Imagine being holed up in the VIP Spelthorne Suite at Heathrow Airport for three hours with Ghana’s legendary Security Capo – Captain Kojo Tsikata!

Recounting her very first encounter in 1994/1995, Dr. Christine Amoako-Nuama, Minister for Environment, Science and Technology in the Rawlings administration, and later Advisor to two Presidents – Mills and Mahama – will break into laughter at the memory.

"It was very interesting, more for what was not said, than what was, beyond the initial pleasantries!”

Dr. Amoako-Nuama recalled the somewhat anticlimatic silence that ensued. Complete silence for almost three hours, and with no cellular phones to provide a welcome distraction.

Strikingly, Captain Tsikata could not have been ignorant of Dr. Amoako-Nuama's identity, beyond her role as Minister in the Rawling's government. As it turns out, Mr. David Afful Bimpong, Dr. Amoako-Nuama's first husband, had in 1972 been incarcerated by the Acheampong government together with Dr. Ofosu-Armaah for an attempted overthrow of the government.

In prison, they met and forged a relationship with Captain Kojo Tsikata, also arrested on similar charges.

However, on that quiet day at the VIP Lounge at Heathrow Airport, it was all typical Captain Kojo Tsikata fashion – taciturn, not saying more than was necessary, but missing nothing in his environment.

Indeed, Captain Kojo Tsikata’s arrest by the Acheampong government and extensive torture in solitary confinement for the initial six weeks, is recounted in his statement issued to the National Reconciliation Commission set up by President John Agyekum Kufuor.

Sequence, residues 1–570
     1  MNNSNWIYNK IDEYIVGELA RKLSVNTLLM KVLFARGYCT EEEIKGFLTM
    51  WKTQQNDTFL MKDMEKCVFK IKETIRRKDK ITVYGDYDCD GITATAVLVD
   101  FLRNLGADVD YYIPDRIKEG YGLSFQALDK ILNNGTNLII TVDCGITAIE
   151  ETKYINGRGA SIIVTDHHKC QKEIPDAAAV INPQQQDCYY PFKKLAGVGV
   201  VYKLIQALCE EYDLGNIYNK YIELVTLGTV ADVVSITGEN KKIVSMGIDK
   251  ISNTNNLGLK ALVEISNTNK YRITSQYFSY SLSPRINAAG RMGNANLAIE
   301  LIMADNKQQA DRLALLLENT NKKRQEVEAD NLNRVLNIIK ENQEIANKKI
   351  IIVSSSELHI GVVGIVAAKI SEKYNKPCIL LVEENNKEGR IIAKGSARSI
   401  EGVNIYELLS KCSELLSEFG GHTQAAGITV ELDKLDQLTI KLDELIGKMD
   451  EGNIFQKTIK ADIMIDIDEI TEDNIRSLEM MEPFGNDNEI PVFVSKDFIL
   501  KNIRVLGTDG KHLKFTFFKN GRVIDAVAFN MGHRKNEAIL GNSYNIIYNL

He narrates the efforts of “a panel chaired by Mr. Francis Poku, at the time a Deputy Superintendent of Police at the Special Branch” to extract, through torture, his confession about the alleged attempted overthrow of the government.

“Once, when I appeared before the Panel, Mr Francis Poku said he had orders from the SMC to beat me to death if I failed to write a confession along the lines he was suggesting and advised me to co-operate, as he did not want anybody’s death on his conscience. When I refused to write such a statement, he got angry, insulted me and asked Sergeant Boateng to take me to a special room upstairs. This was the torture room where I was immediately set upon by Sgt. Boateng, Cpl. Ebo Duncan, and Cpl. Seidu, and severely brutalized until I became unconscious. When I came round, I was lying in a pool of blood in the reception room downstairs. The next morning Mr. Francis Poku visited me in my cell and, pretending to apologize for what had happened the previous day, said that he had no alternative as he was under pressure from the SMC to get a confession from me.”

Fast forward to 2008 when Dr. Christine Amoako-Nuama and Captain Tsikata’s paths crossed again. This time, the encounter will be far more significant. What that first meeting failed to accomplish by way of an animated discussion, this second encounter more than made up for in a shared purpose – that of bringing Professor John Evans Atta Mills and the National Democratic Congress back to power after eight years in opposition.